Microsoft announced a sweeping shake-up of its executive ranks Thursday, placing new executives over operations facing fierce new competition from Google, Apple and cellphone makers.
The announcements were part of a broad management reorganization involving seven new senior vice presidents and seven new corporate vice presidents.
One of the more significant leadership changes was in the cellphone operations. Andy Lees was named senior vice president for mobile communications operations. Mr. Lees, who had overseen the server business, succeeds Pieter Knook, who, the company said, “made the decision to leave Microsoft to pursue other opportunities.”
Microsoft has been paying more attention to its cellphone business following the introduction of Apple’s iPhone and Google’s Android software operating system. In only a few months of the iPhone’s release, according to Canalys, a market research firm, Apple gained 28 percent of the smartphone market in the United States, a greater share of the market than the cellphones using Microsoft’s Windows Mobile software. Research In Motion, maker of the BlackBerry, leads the category that has been dominated by phones made for business users.
Microsoft is showing more interest in the consumer market. This week it announced it was buying Danger, the maker of the popular Sidekick cellphone.
Analysts said that Microsoft was moving to confront a growing competitive threat from a range of companies that have positioned themselves to offer Web-based alternatives to Microsoft’s core office-productivity applications. The other major change was the replacement of Steve Berkowitz, the current senior vice president of Microsoft’s Online Services group. Mr. Berkowitz, the former chief executive of the online site Ask Jeeves, was hired with great fanfare in April 2006 to help revive Microsoft’s search and portal operations. Microsoft has been unable to make a dent in Google’s growing dominance in search and search advertising. Mr. Berkowitz will leave the company this August, the company said.
Responsibility for online operation was split among three executives who will work in the combined organization that handles both Internet activities and the Windows operating system, which is run by Kevin Johnson.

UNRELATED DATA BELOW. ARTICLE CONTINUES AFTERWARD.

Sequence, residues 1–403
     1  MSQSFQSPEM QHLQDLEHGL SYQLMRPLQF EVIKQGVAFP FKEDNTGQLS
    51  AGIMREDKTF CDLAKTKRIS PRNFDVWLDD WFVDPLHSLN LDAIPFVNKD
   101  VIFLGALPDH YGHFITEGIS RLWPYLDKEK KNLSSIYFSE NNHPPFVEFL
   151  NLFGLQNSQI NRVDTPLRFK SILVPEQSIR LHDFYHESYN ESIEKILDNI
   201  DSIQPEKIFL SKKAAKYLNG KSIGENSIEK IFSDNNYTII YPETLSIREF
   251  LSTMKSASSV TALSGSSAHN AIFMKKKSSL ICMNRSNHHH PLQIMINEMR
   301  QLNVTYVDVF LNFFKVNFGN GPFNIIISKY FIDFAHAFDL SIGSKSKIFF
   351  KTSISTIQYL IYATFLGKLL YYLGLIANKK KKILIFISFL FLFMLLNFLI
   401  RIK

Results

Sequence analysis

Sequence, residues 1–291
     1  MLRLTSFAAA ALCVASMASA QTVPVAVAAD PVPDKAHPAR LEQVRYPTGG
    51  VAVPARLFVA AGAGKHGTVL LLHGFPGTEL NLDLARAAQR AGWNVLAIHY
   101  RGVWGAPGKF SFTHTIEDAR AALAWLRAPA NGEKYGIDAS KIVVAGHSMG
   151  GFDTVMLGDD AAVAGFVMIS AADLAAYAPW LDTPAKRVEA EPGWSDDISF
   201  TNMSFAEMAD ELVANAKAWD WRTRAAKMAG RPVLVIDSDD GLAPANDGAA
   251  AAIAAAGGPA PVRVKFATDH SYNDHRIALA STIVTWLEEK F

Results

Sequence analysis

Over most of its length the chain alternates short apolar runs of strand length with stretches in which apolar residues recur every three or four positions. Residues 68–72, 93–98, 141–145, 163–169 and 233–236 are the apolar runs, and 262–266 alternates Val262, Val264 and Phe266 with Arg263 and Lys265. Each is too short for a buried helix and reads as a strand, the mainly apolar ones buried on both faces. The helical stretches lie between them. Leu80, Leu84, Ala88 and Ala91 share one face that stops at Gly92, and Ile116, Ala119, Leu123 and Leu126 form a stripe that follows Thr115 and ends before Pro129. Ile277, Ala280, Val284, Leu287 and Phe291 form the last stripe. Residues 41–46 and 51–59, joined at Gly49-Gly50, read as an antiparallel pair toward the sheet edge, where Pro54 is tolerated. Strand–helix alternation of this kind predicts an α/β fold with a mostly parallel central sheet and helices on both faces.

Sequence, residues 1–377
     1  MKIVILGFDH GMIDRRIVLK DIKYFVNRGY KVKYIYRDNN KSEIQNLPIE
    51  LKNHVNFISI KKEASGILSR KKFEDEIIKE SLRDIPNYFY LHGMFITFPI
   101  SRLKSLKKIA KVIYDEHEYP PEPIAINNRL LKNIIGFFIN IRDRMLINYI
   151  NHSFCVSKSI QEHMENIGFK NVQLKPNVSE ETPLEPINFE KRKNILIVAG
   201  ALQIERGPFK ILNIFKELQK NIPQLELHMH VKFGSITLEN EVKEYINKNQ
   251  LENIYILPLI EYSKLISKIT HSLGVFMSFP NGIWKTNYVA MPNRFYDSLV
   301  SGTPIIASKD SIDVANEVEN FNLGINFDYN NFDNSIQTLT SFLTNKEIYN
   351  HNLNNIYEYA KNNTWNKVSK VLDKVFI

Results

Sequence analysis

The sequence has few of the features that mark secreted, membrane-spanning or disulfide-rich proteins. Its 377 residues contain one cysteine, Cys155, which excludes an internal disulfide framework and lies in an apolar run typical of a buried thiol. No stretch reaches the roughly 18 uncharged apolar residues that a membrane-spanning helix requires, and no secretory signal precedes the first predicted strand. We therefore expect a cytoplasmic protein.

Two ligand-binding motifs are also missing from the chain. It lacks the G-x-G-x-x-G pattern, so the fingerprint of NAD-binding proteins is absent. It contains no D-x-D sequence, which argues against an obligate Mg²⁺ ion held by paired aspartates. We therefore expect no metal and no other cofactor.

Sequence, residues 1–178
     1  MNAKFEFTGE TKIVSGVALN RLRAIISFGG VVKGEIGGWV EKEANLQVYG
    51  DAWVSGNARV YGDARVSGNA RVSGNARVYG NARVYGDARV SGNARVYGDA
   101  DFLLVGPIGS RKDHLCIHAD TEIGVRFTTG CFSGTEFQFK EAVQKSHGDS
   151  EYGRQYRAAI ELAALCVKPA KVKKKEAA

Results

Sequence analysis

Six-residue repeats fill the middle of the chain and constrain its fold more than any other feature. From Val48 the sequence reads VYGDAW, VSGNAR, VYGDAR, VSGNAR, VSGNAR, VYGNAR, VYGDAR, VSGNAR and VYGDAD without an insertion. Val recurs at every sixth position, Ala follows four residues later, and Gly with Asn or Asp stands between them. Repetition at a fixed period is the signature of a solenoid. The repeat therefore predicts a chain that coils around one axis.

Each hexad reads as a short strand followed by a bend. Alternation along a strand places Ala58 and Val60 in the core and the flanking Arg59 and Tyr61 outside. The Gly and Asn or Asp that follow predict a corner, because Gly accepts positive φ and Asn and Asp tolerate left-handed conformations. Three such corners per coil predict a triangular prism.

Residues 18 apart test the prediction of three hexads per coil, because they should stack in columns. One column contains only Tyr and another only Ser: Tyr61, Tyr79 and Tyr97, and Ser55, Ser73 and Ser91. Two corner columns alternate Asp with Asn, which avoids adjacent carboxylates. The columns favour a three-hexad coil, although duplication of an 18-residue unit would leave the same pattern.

Satya Nadella, will be the senior vice president for the search, portals and advertising group. Mr. Nadella is on the engineering side of Microsoft, and will look after the technical side of Web search, advertising systems and related systems. He will also have responsibility for the programming of the MSN portal.
Bill Veghte, will be the senior vice president for online services and Windows, handling sales, marketing and product management both for Windows and online operations.
Brian McAndrews, the senior vice president of the advertiser and publisher solutions group, will look after the strategy and marketing of Microsoft’s online activities jointly with Mr. Veghte and Mr. Nadella.
Microsoft shuffle leads to many promotions
Microsoft made its leadership changes official on Thursday, promoting more than a dozen executives and confirming the departure or pending departure of three top executives.
As expected, Windows VP Mike Sievert, online services senior VP Steven Berkowitz, and Windows Mobile head Pieter Knook are all leaving the company. Knook is heading to a new post at Vodafone, Sievert plans to start his own company, and Berkowitz will stay at Microsoft through August, as his duties transition to other executives.
Microsoft promoted several executives to fill the departures. Bill Veghte moves from VP to senior vice president and adds responsibility for the business strategy for Windows, Windows Live, MSN, and search. Satya Nadella gets a similar title bump and adds programming and engineering oversight for MSN to his search-related responsibilities. Collectively, Vegthe, Nadella and former Aquantive CEO Brian McAndrews will take over Berkowitz's duties.
Filling Knook's role is Andy Lees, who becomes senior vice president of the mobile communications business. The move represents Lees' first mobile-related duties during his long tenure at Microsoft.
Brad Brooks, formerly a general manager in the Windows unit, will take over as head of consumer marketing for the operating system, assuming Sievert's responsibilities.
Roz Ho, former head of Microsoft's Mac unit, will become a corporate VP and lead the Danger team once Microsoft completes that acquisition. Microsoft's press release also notes that Ho will continue in her stealth role leading "various consumer-focused premium mobile offerings in mobile communications."
A Microsoft representative would not offer any further details, but ZDNet blogger Mary Jo Foley notes that Ho has been leading a project known as Pink and Purple aimed at bringing Zune experiences over to Windows Mobile.
Steve Guggenheimer, who had been in application platform marketing, becomes a corporate VP, heading Microsoft's relationships with computer makers.
Developer unit head S. Somasegar and Office executives Chris Capossela, Kurt DelBene, and Antoine Leblond each become senior VPs, but maintain largely their same responsibilities, with four other executives adding the VP title.